The feature of the week was a wonderful speaker, Harmony Grillo. She came from L.A., where she runs Treasures, an organization reaching out into the sex industry to help women chained by their present or past situations. Their mission is to "Reach, restore, and equip women in the sex industry and victims of sex trafficking to live healthy, flourishing lives, and train others to do the same across the globe." Harmony is a survivor of the sex industry herself, and her story brought us to tears because of its pain, but also because of its incredible redemption and hope. She addressed important areas of rhetoric in our current sex-saturated culture, including how women end up in the sex industry "by choice," or why legal prostitution is not "just a job." She exposed the psychological tricks pimps use to trap women, and she explained how important it is for us to remember that no one has to be defined by their past.
On Tuesday night, a group of students held a showing of the documentary "Red Light Green Light," a heavy but critically important film. The film examined the effects of legalizing prostitution in several countries, as well as investigating the current prostitution situation in the U.S. Not surprisingly, the documentary brought the entire sex industry back to the one most significant factor: demand. No matter the legal status of trafficking, pornography, and prostitution, this dehumanizing industry will continue to thrive as long as there is a steady demand. But demand is not just steady, it's increasing to astronomical levels. Men are raised in a culture that expects them to be sexual-consumers, and women grow up being objectified and told it's normal. The most practical suggestion that the film made was to de-criminalize prostitution (so that women aren't punished), but to criminalize the purchase of commercial sex.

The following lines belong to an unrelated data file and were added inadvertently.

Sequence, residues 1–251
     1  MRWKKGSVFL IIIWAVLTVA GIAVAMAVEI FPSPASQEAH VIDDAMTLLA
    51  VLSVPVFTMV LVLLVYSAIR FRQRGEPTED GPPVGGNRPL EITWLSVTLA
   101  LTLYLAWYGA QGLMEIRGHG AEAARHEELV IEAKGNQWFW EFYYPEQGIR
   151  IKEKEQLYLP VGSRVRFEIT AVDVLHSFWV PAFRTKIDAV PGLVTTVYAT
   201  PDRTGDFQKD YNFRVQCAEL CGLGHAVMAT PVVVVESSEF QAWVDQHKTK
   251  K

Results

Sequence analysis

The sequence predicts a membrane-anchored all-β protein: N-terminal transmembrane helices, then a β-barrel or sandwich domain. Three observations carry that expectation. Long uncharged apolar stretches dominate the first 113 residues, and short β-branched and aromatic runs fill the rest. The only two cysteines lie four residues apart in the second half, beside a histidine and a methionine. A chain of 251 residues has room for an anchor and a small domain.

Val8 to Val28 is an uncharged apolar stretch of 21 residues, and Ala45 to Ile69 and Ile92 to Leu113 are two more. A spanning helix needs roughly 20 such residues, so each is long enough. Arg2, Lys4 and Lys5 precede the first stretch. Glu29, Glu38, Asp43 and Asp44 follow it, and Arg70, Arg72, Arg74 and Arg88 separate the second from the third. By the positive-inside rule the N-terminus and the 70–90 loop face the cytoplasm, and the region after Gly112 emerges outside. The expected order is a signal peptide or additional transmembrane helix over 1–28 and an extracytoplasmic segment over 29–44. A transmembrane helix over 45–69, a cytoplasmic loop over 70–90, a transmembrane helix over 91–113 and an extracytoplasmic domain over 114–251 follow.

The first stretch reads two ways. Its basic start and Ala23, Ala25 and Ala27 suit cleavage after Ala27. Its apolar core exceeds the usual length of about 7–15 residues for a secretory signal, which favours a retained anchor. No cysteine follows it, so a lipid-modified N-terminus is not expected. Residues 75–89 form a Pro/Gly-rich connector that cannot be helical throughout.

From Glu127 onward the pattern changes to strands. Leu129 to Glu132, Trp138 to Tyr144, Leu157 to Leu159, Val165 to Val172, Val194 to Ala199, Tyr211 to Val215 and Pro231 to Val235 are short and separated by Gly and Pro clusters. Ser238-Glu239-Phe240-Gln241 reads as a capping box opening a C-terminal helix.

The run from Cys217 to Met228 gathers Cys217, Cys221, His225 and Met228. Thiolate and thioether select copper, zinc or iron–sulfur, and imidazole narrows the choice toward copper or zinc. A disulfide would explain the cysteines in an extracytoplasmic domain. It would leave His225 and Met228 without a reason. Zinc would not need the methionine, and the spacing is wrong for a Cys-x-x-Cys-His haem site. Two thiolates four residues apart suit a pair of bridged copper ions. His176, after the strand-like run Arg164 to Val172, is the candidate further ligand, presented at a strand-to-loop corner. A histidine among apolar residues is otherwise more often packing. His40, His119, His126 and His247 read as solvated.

At the end of the week, it all came back to the question of what can we do? It's far too easy to feel hopeless because I can't just quit school to work in the red light district, and I don't have money to support everything they need. But three avenues really showed themselves to us: first, to stand up and challenge men to stop being the consumers of this destructive industry. This might mean sharing a video on the topic, writing a Facebook post specifically asking men to be our defenders and not our exploiters, and actively negating conversations or situations that make humans objects of our lusts. Second, we can choose any number of ways to get involved off of Treasure's list of 11 practical ways you can help. Third, get involved with Lighthouse Voyage, an amazing organization started by my friend David, a fellow Trinity student, that works to free and restore women and children in sex trafficking in India and Nepal. And of course, on top of all of it, we can pray. We must stand on God's promise that prayer actually is powerful and effective. If we believe that our prayers may actually result in saving even one soul from the sex industry, then let us pray.
Thank you for reading this; your awareness is one more step to changing our culture. But awareness isn't enough. Please take one or two of Treasure's 11 suggestions and put them into practice. Please share the video I've posted below. Please bring up this topic with friends and family. Please know that you, yourself are a treasure, beloved and cherished and valuable beyond measure. And please pray. This week, I took off the purity ring I've worn every day since I turned 13. Over and over again, I'd realize that my hand felt empty and naked, and I'd allow that constant recognition to remember what these women have been through. We know that the will of the Father is for freedom. I wrote the word "freedom" on my wrist all week as another reminder to pray. Please do not forget these women, but pray that Jesus would continue to send His Spirit and fulfill more and more the identity he spoke in Luke 4: